Nor was Wagner without precedent in recognizing in his cursed protagonist a resonant metaphor for deeper existential questions. The Gothic sense of alienation from ordinary society that is key to Wagner’s portrayal of the Dutchman taps into related currents of darker Romantic angst about modernity—as seen, for example, in Lord Byron’s world-weary anti-hero Manfred and Mary Wollstonecraft Shelley’s precocious novel Frankenstein, or, The Modern Prometheus. In addition, as Dieter Borchmeyer remarks in Drama and the World of Richard Wagner, the Dutchman of lore can be viewed as “a symbol of the hubristic spirit of discovery that transgressed the boundaries of knowledge and experience” dictated by religion” and “is thus the maritime equivalent of Faust.”
Frontispiece to Frankenstein by Mary Shelley (revised edition from 1831 of the novel first published in 1818)
It’s not by coincidence that during his exile in Paris, Wagner abandoned work on a Goethe-inspired Faust Symphony not long before embarking on The Flying Dutchman. (He later published what he had completed as an independent concert overture.) The composer himself analyzed this move toward “the specificity of the drama” as a liberation “from the mists of instrumental music.”
Wagner’s intense attraction to the Dutchman legend can hardly be explained as an attempt to exploit a topic made fashionable by popular culture. In fact, hot on the heels of his first commercial success with Rienzi, the more artistically adventurous Flying Dutchman initially earned a lukewarm reception (there were only four performances of the original Dresden production).
Another angle from which to consider the tale’s grip on the composer’s imagination, according to Joachim Köhler’s controversial biography Richard Wagner: The Last of the Titans, is arguably an inner need to exorcize “the traumatic experiences of horror and the fear of ghosts that kept him awake at night”—terrors that in Köhler’s portrayal had been imprinted on him as a sensitive child. And in a fascinating essay on The Flying Dutchman in the context of the operatic genres of its time, Wagner expert Thomas Grey writes that the composer turned the “melodramatic” claptrap associated with the story—“with its mysterious portraits, invisible voices, ersatz folk ballads, and sentimental ‘romances’”—into “an allegory of Romantic alienation, love, and redemption.” In doing so, “Wagner was aiming to rehabilitate this ailing branch [the “homely genre” of German Romantic opera] of his artistic patrimony.”
Last scene from the Dresden premiere production: Leipziger Illustrierte Zeitung, 3 January 1843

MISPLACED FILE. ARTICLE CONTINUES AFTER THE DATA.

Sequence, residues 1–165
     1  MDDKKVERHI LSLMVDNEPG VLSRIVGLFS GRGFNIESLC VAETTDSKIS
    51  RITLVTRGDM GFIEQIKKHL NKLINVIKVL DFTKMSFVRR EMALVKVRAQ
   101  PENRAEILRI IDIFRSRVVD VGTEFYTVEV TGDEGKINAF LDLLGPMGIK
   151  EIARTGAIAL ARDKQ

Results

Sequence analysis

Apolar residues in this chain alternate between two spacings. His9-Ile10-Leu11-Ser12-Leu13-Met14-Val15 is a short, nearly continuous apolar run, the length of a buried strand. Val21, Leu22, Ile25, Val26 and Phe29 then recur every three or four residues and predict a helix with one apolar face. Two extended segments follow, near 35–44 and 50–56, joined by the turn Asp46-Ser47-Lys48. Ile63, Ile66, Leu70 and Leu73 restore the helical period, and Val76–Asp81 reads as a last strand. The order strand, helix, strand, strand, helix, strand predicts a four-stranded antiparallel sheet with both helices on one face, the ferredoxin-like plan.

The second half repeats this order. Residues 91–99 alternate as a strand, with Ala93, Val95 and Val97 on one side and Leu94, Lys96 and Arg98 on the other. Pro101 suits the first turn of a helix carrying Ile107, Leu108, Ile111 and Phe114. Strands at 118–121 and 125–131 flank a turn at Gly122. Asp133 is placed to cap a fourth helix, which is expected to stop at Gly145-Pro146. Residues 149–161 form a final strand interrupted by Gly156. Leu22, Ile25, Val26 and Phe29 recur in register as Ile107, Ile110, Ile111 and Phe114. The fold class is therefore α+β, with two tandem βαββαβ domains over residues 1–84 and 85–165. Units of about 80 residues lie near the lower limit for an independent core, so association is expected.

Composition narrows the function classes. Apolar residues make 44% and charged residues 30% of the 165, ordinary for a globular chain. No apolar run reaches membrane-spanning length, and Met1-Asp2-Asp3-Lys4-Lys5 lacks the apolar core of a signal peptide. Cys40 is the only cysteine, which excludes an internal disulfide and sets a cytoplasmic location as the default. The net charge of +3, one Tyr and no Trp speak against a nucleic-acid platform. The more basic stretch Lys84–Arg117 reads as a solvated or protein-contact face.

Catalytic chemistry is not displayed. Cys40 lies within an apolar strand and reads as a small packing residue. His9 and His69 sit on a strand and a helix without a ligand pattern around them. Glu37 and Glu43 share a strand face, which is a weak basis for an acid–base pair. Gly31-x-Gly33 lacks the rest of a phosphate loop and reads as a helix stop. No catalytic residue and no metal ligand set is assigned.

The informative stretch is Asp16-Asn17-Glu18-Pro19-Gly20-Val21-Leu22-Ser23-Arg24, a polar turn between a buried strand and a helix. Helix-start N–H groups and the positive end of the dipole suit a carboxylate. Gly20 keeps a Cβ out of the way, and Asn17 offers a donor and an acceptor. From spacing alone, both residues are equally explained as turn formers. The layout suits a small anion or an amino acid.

Yet what drew Wagner so compulsively to the satirical version of the legend set forth by the notoriously anti-Romantic Heine, whose ironic posture he simply stripped away? Heine, in fact, exercised a far-ranging influence on Wagner’s future career. The aspiring young artist had been befriended by the poet, a fellow exile in Paris who welcomed him into his circle (and quite possibly even helped Wagner polish his French prose in the scenario he prepared for submission to the Paris Opera). Köhler points out that “virtually all the mythological themes that were to be associated with Wagner’s name were already touched on” in Heine’s writings (such as the Grail legends, the tale of Tristan and Isolde, the riding Valkyries, and Tannhäuser’s excursion into the forbidden Venusberg). And in his earlier autobiographical accounts, Wagner credited Heine for giving him “all I needed to adapt the [Dutchman] legend and use it as an operatic subject”—though Wagner’s metastasizing anti-Semitism likely underlay his later suppression of any reference to his debt to Heine.
“One must be able to joke about the most sublime of things,” declared Wagner (as reported by his wife Cosima in her diaries). Borchmeyer adds that “as early as 1840 [before he had even completed his Dutchman libretto] he had written French parodies of Senta’s Ballad and the Sailors’ Chorus, showing how tragic themes immediately evoked parodic associations in his imagination.” (When you get down to it, “The Ride of the Valkyries” is not such a great distance from vaudeville.) By way of making sense of Wagner’s transformation of the satirical source he discovered in Heine into a primal existential drama, Borchmeyer suggests that “the subject has reacquired its former tragic seriousness, having lived through the experience of its own comic negation…which explains why, in turn, Wagner’s music dramas have repeatedly invited writers to parody them.”
— (c)Thomas May. All rights reserved.
Filed under: opera, Wagner